• Do not arrive any more than five minutes before your meeting is due to begin;


  • Cafcass recommend that, where possible, you make alternative arrangements for the care of your child/children if they do not need to be seen. They also request adult parties attend their appointments alone, if possible. This is to reduce footfall in their offices.


  • If your child/children are being seen it is encouraged that they bring any toys or items to keep them occupied with you as at present the offices do not have toys available due to cleaning and hygiene regimes;


  • It is advised that where possible people bring any refreshments they may require with you, again to stop the use of cups which may not be sanitary;


  • Upon arriving at the Cafcass office, clients will be asked to follow some simple Covid-secure procedures. This will involve;
    • sanitising your hands using the station we have provided for you
    • confirming your details, so that they can book you in for your appointment at reception.


  • You will also be guided to use the office space securely following the clear signs and floor markers in place to ensure we always maintain social distancing measures for everyone’s safety.

Attending court


The courts are now open and have completed the appropriate risk assessments. Hearings that cannot be heard by video or telephone and which cannot be delayed will be held in a priority court and tribunal building.


Currently, there is significant use of hybrid hearings where the parents or other family members attend in person together with their advocates, while the guardian, social workers and other experts attend remotely.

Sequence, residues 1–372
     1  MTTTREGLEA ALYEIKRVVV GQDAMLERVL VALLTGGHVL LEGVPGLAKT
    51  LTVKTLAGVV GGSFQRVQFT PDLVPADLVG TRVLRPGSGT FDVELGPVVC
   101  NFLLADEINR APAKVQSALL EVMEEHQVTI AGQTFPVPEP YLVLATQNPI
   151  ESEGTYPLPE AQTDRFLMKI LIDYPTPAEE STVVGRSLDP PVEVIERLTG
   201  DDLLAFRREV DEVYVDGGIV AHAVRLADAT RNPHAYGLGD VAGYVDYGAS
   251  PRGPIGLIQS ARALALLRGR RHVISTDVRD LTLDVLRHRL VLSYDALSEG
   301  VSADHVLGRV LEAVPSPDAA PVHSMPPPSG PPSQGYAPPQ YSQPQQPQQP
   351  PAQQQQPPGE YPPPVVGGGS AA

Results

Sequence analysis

There have been some delays in court proceedings due to COVID-19, whereby the processing of applications can take longer than usual.


Ultimately, the decision whether to hold a hearing remotely is one for the judge in each circumstance.



What do we think?


It is good to see Cafcass being proactive in releasing this guidance, as the work they do is of vital importance. The clearest part of this guidance, in our opinion, is the rules surrounding visits to their offices, as there is a useful practicality about them.


The rules surrounding direct contact do seem somewhat vague, and essentially are laid out as a reliance on the professionalism of the case worker to decide whether or not to meet children and families directly based on evidence they procure. This is acceptable, but it would be more beneficial to see some tangible guidance here, with some key focus areas. Although, as the cases will vary greatly from one to the next, we can understand that this could be a challenge to put into writing.


We of course sympathise with all the added pressure on the Cafcass staff, as the Coronavirus pandemic has brought with is unprecedented challenges. As legal practitioners ourselves, we understand the need to work together to do what is best for the client during these times.


Have questions? We are open as usual!


We are open as usual throughout lockdown! We are ready to provide you with a fantastic legal service and there are many ways for you to contact us!


Call us on 020 7928 0276, phone calls are operating as usual and will be taking calls from 9:30am to 6:00pm.


Email us on Our caseworkers are tending to their cases with the same professionalism and efficiency as always.


Use the Ask Lisa function on our website. Simply enter your details and leave a message, we will get right back to you: